Friday, 8 April 2011

Going for the Burn

Fantastic 14 miler training walk today in glorious Northumbrian sunshine and cool wind - but its getting REALLY HARD! My feet nacked by the end, my hips now need replacing and even my fingers looked like 2 bunches of pork sausages by the time we fell into the Tea and Tipple in Corbridge for scones and Fentimans lemonade.

When I got home, the posty had delivered my Walk the Walk parcel - in it:- a t-shirt, a cap, my number (13278) and a revolting flesh coloured bra! I tried it on, looked in the mirror, and discovered that I had acquired my first tan of the year (or rather, BURN!) Look at my red nose and burnt chest! April in Northumberland and I'm sunburnt! Normally we're plodging through snow at this time of year!

Monday, 4 April 2011

Get Me to the Church on Time

The day started perfectly. I had dropped the kids off at the school bus and was whizzing off to work along the back roads. 'Somebody to Love' by Queen was on the radio and I was singing the harmonies and backing vocals at the top of my voice. I was also looking forward to the Brownies Mothers Day celebration at 6.45pm. Tea and cake at the church hall. What a great life...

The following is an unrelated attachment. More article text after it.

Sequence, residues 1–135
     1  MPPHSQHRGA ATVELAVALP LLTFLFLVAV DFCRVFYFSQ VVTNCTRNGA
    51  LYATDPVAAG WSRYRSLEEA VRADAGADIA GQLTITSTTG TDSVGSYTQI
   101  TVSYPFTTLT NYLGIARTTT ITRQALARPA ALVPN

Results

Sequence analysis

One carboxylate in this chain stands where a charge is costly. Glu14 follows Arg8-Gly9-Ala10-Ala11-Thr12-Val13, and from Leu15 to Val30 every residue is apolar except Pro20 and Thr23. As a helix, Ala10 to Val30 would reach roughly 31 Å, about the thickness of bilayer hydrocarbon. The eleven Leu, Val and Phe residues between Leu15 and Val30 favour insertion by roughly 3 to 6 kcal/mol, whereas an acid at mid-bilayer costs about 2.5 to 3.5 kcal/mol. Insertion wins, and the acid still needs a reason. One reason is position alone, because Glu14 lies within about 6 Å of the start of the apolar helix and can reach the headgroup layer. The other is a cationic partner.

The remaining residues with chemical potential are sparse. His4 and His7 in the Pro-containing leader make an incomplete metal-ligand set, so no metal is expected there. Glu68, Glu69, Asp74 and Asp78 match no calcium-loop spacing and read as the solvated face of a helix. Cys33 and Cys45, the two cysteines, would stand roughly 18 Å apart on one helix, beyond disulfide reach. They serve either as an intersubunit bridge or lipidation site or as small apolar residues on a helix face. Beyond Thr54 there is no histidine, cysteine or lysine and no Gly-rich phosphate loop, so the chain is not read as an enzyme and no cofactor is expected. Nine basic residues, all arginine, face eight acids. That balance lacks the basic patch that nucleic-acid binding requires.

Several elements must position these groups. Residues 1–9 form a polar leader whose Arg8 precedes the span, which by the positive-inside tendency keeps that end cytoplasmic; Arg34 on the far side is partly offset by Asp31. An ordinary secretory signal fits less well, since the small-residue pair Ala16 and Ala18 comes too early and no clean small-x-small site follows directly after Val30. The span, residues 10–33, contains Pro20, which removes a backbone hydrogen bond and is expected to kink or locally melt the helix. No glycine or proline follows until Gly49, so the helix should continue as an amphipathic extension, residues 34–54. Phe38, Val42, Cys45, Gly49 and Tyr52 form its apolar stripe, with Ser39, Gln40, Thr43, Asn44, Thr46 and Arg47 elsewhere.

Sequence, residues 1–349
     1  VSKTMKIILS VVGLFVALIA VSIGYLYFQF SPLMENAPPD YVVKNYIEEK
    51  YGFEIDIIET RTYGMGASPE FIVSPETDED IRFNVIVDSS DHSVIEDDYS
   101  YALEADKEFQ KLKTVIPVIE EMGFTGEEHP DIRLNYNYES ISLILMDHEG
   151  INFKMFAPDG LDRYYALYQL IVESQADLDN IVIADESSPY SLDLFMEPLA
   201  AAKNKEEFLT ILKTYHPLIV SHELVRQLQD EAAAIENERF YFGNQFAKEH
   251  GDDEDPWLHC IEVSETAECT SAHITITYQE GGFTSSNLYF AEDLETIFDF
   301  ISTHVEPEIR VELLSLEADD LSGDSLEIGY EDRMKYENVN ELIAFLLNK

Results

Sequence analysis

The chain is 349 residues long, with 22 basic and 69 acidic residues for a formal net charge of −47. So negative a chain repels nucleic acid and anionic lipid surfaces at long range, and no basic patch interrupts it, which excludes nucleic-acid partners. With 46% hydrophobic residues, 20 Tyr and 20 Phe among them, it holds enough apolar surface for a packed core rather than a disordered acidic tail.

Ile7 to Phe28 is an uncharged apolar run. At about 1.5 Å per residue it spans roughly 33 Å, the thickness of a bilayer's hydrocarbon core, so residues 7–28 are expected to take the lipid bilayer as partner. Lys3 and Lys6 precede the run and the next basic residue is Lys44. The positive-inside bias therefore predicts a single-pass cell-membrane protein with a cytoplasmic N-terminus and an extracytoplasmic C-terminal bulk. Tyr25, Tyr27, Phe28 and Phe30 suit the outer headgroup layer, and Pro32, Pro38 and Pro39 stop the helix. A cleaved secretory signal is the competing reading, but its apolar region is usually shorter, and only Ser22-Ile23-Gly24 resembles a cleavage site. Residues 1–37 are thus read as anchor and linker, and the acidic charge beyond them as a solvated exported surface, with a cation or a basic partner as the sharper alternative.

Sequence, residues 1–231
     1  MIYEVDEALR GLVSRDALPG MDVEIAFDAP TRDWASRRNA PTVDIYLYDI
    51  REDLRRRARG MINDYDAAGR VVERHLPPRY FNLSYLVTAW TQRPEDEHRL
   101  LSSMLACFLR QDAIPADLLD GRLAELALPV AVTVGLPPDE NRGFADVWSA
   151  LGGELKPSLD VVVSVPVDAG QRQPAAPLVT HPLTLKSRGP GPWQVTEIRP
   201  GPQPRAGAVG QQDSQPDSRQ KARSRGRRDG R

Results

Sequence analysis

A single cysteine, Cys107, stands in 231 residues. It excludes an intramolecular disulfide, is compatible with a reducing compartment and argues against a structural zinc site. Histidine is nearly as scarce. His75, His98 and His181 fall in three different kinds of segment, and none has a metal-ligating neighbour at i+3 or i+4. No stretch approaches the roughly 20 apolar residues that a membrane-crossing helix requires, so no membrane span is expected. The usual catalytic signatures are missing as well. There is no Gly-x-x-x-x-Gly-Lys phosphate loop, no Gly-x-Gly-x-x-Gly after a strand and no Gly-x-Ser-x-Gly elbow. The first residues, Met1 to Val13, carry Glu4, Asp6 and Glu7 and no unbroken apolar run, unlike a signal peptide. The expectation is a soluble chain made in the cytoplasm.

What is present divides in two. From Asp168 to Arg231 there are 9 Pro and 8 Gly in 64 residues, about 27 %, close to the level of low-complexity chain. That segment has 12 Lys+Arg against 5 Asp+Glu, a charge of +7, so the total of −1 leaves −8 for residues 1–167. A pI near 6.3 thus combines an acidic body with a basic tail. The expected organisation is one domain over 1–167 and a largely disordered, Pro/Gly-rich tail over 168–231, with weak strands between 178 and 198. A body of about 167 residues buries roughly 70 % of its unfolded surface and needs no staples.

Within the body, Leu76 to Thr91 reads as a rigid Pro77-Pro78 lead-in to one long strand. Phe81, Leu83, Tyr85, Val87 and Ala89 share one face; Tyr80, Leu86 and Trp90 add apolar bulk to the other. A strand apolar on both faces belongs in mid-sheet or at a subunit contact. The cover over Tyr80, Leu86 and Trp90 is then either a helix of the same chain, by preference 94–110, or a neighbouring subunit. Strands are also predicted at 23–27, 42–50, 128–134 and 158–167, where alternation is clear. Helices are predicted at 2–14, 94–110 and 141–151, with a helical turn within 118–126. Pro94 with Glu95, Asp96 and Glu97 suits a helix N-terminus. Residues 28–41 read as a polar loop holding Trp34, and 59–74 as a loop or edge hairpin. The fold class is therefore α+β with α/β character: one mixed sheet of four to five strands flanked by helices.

...Then just as Freddie Mercury and I got to the last note of the song, the rev counter on the car dropped to zero and there was no response on the accelerator. I limped along at a snails pace. The car was still moving, but not exactly under my control...

This went on for a few miles, and eventually the car spluttered into life again, finally delivering me to work safe and sound. I thought nothing of it.

At 4.15pm, I jumped back into the car and sped off to collect Tom from a 4.50pm finish at school. The plan was to get him home, get Lizzie to Brownies for 6.15pm, go for a quick half hour training walk, then sit back and enjoy the tea and cake at 6.45pm. Perfect.

But 5 minutes into my journey, the car went 'limp' again, then just conked out at the side of the road - beside the busiest junction in the world. Bloody hell!
I made a few calls (what did we do before mobiles?!!) and my lovely friend Karen (what would I do without you?!) agreed to pick up and ferry my kids about for me until I could somehow get home. 'Tell Lizzie not to worry - I should be there for tea and cake!' I said, hoping to God I'd be right.
Green Flag said they'd be there to help within the hour, and my personal road angel, Eddie said he'd go 4 million miles out of his way with a tow rope to help with the rescue.

I got out of the car, stood at the side of the road and watched as over 1000 cars rushed past - many held up by my poor abandoned car - its little hazards blinking pathetically.

2 people stopped to ask if I was ok. 2 angels out of the 1000's of commuters and school runners. I thanked them but there was nowt they could do.

As I waited, getting colder by the minute, Eddie phoned to say he was half an hour away.